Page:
A hot plate or electric skillet is a good way to keep the chocolate melted consistently through all the dipping. I have found the easiest dipping utentils are 2 small spoons, rather than toothpicks.

Happy candy making!

Kara
 

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Discussion Starter · #10 ·
These are great; my mom has been making them since I was little and we always just called them Peanut Butter balls (we are in California, so nothing against Buckeyes at all :)). That also means we just dip the whole thing, which I think is easier.

Our variation adds Rice Krispies to the pb, sugar, butter mixture. It lightens the texture a bit and adds some nice crunch.

I only use a bit of paraffin, so I have had the same box for probably 10 years.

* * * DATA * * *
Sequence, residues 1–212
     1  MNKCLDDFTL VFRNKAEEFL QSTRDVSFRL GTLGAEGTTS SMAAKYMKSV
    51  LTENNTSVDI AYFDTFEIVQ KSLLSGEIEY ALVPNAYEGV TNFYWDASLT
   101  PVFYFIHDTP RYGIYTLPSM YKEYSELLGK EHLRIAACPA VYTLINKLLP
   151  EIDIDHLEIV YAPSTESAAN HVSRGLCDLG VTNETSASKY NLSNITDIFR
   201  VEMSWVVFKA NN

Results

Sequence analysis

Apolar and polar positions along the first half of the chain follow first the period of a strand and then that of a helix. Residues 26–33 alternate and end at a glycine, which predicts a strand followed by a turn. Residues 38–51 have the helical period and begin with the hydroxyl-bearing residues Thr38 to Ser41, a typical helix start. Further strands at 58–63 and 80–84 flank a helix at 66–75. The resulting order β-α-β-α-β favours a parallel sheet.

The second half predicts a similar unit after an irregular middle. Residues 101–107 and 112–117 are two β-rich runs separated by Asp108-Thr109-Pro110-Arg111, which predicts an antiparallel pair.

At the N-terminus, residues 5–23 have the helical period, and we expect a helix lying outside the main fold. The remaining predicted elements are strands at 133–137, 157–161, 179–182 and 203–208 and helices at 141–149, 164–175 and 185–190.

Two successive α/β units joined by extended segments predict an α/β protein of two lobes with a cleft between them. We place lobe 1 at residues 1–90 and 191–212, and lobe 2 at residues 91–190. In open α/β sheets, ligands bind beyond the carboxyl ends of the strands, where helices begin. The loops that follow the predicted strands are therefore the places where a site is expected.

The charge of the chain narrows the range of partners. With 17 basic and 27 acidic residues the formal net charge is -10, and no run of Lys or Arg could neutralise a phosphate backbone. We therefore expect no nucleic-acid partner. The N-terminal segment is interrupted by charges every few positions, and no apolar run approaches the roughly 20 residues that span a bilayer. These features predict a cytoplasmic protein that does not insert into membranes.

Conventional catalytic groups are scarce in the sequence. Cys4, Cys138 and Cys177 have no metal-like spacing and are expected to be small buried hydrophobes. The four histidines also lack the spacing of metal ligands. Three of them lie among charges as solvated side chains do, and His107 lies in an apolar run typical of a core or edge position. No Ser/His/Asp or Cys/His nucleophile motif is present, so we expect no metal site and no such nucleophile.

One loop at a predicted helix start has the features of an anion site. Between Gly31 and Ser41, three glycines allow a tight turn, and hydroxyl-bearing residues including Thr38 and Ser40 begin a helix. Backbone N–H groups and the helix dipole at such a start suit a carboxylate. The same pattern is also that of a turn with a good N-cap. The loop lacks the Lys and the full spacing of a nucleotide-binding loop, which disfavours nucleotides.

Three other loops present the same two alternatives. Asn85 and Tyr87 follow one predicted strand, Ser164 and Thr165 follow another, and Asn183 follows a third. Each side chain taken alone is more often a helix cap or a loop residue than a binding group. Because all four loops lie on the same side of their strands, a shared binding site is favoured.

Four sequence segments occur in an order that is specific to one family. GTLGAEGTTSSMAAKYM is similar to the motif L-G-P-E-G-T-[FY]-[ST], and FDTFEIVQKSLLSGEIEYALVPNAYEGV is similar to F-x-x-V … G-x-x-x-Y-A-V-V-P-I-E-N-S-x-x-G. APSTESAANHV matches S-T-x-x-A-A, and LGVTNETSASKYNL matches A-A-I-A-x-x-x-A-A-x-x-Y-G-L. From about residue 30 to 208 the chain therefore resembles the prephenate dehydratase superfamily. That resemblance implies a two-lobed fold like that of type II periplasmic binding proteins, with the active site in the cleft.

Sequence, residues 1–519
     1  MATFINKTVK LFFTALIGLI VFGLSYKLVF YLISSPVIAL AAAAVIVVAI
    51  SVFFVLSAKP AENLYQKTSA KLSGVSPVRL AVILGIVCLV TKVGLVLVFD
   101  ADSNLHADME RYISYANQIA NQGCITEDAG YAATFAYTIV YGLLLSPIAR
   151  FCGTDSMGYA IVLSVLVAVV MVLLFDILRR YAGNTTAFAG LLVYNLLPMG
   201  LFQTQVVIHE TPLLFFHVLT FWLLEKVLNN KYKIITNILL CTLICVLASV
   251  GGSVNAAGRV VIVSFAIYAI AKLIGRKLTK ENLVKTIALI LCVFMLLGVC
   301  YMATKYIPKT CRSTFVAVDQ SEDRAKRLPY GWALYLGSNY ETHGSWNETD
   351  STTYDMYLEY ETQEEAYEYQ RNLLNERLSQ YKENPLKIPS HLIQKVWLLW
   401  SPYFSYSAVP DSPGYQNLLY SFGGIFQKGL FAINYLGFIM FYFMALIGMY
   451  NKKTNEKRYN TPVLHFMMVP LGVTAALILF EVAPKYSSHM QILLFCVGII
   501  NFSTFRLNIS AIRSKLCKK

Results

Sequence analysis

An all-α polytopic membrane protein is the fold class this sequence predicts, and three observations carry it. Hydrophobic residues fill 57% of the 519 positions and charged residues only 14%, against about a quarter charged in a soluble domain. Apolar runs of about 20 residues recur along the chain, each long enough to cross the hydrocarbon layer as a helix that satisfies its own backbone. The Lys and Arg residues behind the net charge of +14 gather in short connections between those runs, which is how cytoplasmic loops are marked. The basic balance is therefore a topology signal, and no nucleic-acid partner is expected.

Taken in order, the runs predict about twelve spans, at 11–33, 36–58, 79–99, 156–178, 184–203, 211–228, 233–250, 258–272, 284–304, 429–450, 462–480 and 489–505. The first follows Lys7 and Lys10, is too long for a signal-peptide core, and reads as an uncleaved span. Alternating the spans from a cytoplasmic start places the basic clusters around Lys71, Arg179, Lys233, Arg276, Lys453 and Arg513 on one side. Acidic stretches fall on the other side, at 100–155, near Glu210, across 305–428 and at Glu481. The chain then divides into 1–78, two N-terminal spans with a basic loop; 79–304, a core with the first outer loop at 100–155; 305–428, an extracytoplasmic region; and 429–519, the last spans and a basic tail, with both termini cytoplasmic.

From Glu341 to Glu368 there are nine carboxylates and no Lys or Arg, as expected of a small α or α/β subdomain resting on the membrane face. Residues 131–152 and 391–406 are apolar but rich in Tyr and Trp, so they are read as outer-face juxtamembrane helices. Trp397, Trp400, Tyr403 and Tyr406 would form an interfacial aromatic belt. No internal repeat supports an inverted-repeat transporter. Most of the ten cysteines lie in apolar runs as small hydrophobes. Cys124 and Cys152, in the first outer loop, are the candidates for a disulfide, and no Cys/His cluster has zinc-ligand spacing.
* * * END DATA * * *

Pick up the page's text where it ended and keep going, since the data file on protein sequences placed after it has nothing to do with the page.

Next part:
I agree that they are easy to make, but time consuming. I have made so many over the years, that I am pretty fast at it, once I get into the rhythm.

A hot plate or electric skillet is a good way to keep the chocolate melted consistently through all the dipping. I have found the easiest dipping utentils are 2 small spoons, rather than toothpicks.

Happy candy making!

Kara
I have tried various dipper methods, even bought different dippers at the store. I think if you dip them into buckeyes, it's easier to do toothpicks. If you're covering the whole ball with chocolate....not so much. The two spoons sound like a good idea!